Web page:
To Avoid Cyber Espionage, Russia's Switching Back To Typewriters

Hackers aren't going anywhere any time soon, so Russian spies are wising up and taking their most sensitive intelligence offline. Not offline like off the internet. Offline like off computers altogether.

The Russian state procurement agency FSO recently announced that it was interested in spending up to 486,000 rubles (about $15,000) on at least 20 old fashioned typewriters to handle top secret documents. After all, cyber security isn't an issue when ink and tree are involved.

The plan is more sophisticated than that though. Every typewriter bears a slightly different pattern of type so it would be possible to trace every single document produced by the new bank of typewriters back to an individual machine. A source of the pro-Kremlin newspaper Izvestia says that the change of tack was prompted by recent major security breaches. "After scandals with the distribution of secret documents by WikiLeaks, the exposes by Edward Snowden, reports about Dmitry Medvedev being listened in on during his visit to the G20 summit in London, it has been decided to expand the practice of creating paper documents," said the source.

Pretty clever, huh? With Snowden and WikiLeaks and all that jazz, why don't we just switch back to paper here in the USA? Probably because it's not expensive enough. When something don't work in this country, we just throw money at the problem like good capitalists. Earlier this week, for instance, we learned that the Economic Development Administration in the Department of Commerce spent over $US2.7 million getting malware off a few computers.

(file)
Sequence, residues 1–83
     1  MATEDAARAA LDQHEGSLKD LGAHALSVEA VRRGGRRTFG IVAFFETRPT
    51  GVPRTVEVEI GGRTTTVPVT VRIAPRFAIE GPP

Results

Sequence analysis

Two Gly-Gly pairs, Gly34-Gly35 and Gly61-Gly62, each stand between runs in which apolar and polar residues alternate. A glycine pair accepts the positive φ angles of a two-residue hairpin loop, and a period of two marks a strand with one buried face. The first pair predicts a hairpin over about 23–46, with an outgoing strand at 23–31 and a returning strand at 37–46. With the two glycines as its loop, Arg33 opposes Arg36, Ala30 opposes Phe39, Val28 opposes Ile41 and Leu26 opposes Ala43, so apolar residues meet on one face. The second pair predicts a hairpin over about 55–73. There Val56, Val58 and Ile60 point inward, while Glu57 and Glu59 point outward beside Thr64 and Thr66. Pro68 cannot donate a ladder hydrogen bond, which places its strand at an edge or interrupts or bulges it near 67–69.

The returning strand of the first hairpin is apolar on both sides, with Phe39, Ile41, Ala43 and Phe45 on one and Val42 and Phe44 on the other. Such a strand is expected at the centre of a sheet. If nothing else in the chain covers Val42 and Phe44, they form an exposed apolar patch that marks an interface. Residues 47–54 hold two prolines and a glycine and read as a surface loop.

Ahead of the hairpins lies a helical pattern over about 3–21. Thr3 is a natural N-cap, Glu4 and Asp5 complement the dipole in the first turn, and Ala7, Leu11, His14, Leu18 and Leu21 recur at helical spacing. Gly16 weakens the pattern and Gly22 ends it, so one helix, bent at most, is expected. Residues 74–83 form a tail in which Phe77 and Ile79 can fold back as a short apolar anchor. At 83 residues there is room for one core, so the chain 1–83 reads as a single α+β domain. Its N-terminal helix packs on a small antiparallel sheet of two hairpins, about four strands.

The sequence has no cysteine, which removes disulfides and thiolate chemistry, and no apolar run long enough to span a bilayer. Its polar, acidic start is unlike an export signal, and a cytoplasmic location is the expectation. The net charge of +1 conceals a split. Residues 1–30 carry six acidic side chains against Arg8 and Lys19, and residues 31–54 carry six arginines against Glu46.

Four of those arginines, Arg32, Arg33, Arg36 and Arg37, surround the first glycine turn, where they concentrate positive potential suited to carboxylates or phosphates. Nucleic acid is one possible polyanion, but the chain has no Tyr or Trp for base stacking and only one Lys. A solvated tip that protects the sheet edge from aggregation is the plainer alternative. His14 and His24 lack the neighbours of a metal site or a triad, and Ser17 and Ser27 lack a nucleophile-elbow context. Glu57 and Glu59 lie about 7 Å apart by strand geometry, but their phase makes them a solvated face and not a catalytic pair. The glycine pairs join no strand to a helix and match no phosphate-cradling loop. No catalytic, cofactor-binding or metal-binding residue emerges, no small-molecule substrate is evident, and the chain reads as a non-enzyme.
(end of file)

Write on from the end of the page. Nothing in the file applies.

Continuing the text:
Why not just replace all that buggy, hackable hardware with typewriters? [AFP]

Picture: Flickr/xlibber



    Ha... it will be exactly the same kind of idiot thinking behind this as what happened with the malware in the US- some genius head of department probably though it was such an amazing idea and wondered why no one else thought of it before...
    Yeah, just go back 30 or 40 years and see how insecure intelligence was then and also how hard it was to transfer information between departments, and NOW how easy it is to forge or disguise the origins of paper documents that have "different patterns of type".

    Although Russia's decision may seem surprising, it really shouldn't be. The last line of defence against a spy in most allied countries are still filing cabinets with 4mm or thicker steel walls. Even now, paper documents are treated as the base form of information storage in intelligence agencies, with every photocopy numbered and their movements tracked to leave an audit trail – something which is a lot harder to enforce with digital documents. Still, 86,000 rubles for 20 typewriters is a bit extravagant, don't you think?

    Read more about the ramifications of using typewriters here

    The Soviets did a reasonable job of putting covert steganographic keyloggers in US typewriters in the past:

    That's irony... or symmetry... or something.

    Types up "Secret Document" ... Then scans it to the office :).

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